Ruffer’s bitcoin hedge comes good
On paper then Ruffer has potential running profits in excess of 100% of its original £550 million investment
UK based asset management company Ruffer LLC is looking like it’s host to some of the smartest money in town as the new year gets underway.
The fund management company aims to deliver positive returns to investors regardless of events in the wider markets and tries to achieve that goal by taking carefully considered and managed risks.
As part of that process, Ruffer reinvested some of the profits it had made from positions in gold and put that money into Bitcoin in November, to diversify its exposure. When it disclosed the trade Ruffer said that it had invested around 2.50% of its portfolio which represented an approximate investment of £550 million.
Ruffer did not disclose what price it paid for its holdings in the cryptocurrency. However, Bitcoin started November at $13,712 per coin and finished the month at $19,441 giving a simple average price over the period of $16,576.50.
Ruffer said it saw the trade as hedge or insurance policy against wider market risks and potential for the continued devaluation of fiat or paper currencies, that could result from continuing fiscal and monetary stimulus instituted in the wake of Covid-19. Exactly the kind of thinking that advocates for Bitcoin and other cryptocurrencies usually espouse.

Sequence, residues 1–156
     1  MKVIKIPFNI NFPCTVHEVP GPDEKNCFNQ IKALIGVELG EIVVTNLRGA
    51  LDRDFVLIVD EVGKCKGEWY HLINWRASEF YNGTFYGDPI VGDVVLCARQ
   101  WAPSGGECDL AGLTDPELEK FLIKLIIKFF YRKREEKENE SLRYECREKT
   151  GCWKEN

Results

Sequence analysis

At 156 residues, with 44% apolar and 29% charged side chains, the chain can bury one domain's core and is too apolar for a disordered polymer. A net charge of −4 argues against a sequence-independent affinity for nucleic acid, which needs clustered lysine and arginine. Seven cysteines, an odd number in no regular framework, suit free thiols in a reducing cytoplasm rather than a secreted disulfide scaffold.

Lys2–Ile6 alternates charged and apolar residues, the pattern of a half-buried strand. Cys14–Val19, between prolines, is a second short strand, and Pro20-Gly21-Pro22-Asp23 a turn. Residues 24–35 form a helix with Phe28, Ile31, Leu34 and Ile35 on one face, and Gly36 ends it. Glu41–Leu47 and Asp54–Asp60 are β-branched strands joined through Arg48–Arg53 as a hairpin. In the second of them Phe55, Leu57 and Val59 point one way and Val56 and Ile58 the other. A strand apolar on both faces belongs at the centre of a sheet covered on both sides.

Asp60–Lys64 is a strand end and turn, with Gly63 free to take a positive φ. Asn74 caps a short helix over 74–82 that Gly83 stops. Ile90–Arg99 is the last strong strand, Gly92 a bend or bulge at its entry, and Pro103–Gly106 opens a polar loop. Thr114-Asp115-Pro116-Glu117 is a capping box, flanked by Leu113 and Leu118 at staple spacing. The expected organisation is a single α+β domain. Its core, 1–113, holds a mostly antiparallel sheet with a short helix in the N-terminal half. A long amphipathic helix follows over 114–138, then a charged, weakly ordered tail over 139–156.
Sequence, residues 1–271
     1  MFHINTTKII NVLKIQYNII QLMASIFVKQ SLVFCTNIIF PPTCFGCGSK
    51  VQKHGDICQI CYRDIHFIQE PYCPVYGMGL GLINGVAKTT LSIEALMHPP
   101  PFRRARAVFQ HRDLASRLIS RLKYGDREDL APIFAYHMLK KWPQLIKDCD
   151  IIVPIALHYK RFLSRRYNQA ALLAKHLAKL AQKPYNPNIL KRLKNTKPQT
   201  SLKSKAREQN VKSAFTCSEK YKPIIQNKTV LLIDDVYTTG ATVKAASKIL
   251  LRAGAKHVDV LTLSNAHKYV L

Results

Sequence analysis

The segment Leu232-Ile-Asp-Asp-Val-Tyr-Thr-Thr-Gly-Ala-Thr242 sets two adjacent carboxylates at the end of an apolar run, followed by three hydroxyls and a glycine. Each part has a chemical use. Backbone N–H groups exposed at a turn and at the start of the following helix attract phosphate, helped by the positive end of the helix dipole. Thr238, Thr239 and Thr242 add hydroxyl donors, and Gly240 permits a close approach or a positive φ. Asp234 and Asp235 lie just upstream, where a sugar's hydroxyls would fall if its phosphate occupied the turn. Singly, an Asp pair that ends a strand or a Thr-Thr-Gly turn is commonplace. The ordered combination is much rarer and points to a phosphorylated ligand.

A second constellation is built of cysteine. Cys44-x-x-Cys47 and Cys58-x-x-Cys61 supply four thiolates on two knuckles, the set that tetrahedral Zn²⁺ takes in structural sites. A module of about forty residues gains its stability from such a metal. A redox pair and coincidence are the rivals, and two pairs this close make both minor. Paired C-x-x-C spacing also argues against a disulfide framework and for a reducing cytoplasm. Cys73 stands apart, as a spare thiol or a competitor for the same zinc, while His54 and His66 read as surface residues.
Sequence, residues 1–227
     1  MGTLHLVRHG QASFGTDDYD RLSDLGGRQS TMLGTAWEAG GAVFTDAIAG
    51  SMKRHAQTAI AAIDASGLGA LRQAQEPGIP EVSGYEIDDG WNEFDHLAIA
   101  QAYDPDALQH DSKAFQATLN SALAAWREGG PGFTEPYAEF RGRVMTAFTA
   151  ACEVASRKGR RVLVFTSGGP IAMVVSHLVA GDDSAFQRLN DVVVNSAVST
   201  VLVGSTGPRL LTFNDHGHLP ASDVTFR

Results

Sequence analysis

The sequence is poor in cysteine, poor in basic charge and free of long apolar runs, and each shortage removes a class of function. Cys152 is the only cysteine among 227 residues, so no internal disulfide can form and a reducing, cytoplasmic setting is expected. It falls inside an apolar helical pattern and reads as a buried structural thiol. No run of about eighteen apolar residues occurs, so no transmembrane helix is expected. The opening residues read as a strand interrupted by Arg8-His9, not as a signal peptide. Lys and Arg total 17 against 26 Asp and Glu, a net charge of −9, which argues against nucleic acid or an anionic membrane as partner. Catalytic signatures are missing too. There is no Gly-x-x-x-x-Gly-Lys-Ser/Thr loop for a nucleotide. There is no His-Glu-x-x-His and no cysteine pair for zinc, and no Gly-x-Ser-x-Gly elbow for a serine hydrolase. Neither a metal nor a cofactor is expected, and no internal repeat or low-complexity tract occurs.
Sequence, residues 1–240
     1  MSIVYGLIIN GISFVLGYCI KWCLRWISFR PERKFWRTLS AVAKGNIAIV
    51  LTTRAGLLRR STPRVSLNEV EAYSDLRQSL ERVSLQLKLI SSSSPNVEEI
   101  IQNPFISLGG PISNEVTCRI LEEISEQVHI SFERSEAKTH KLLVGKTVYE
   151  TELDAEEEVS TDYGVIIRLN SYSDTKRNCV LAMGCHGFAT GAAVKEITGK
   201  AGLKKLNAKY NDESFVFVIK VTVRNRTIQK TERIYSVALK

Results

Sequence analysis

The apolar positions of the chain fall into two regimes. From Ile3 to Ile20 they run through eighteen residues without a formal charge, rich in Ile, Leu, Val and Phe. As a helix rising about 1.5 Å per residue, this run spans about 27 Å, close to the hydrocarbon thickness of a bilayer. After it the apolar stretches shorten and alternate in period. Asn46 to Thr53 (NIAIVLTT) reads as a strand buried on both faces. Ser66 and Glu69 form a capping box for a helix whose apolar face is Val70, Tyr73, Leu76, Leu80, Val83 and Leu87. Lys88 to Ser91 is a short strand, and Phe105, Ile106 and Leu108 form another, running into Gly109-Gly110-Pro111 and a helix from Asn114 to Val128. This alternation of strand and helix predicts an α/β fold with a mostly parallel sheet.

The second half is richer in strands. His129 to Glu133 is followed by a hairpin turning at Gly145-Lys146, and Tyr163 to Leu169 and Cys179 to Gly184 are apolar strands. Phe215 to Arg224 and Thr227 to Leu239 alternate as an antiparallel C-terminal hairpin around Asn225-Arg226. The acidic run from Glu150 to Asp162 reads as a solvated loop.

Though thus far, the US dollar has been the only real casualty with the dollar index down by 7.4% over the last 12 months. The greenback has, however, lost considerably more to the New Zealand and Australian dollars, as well as the Swiss franc in that time frame.
Even if Ruffer’s reasoning may have been slightly awry it’s the timing on the trade could hardly have been better and since November Bitcoin has rallied sharply trading as high as $35,000 in the last week.
The price action in 2021 has been volatile and Bitcoin also registered a 13% pullback from its recent highs but is once again testing towards $35000.
On paper then Ruffer has potential running profits in excess of 100% of its original investment though as a hedge trade those paper gains may be offset to some extent by the P&L from other positions in the portfolio.
What the trade does do however is highlight how institutions can utilise cryptocurrencies as part of their investment process. That comes at a time when FX and CFD brokers are writing to retail clients to remind them that FCA has banned the sale and marketing of cryptocurrency derivatives to UK private clients and that these contracts will now be marked closing only.
Professional clients are still able to trade in CFDs and other derivatives over leading cryptocurrencies, of course. The question is, is there an opportunity for margin traders to interest institutions in trading in those products as well? After all, CFDs offer considerable advantages in terms of security and storage over the physical coins.
Of course, the counterparty risk arising from an OTC trade may be an issue for some investors but presumably, as the major cryptocurrencies move further into the mainstream it ought to be possible for such trades to be central cleared or given up to a larger prime broker, in the same way, that CFD trades over equities for institutional clients are.
Equity CFDs started out as a niche business but quickly grew to become one of the biggest profit centres for the industry. Could cryptocurrencies follow a similar trajectory without the involvement of retail customers and is there an appetite to try and facilitate the business among margin trading participants?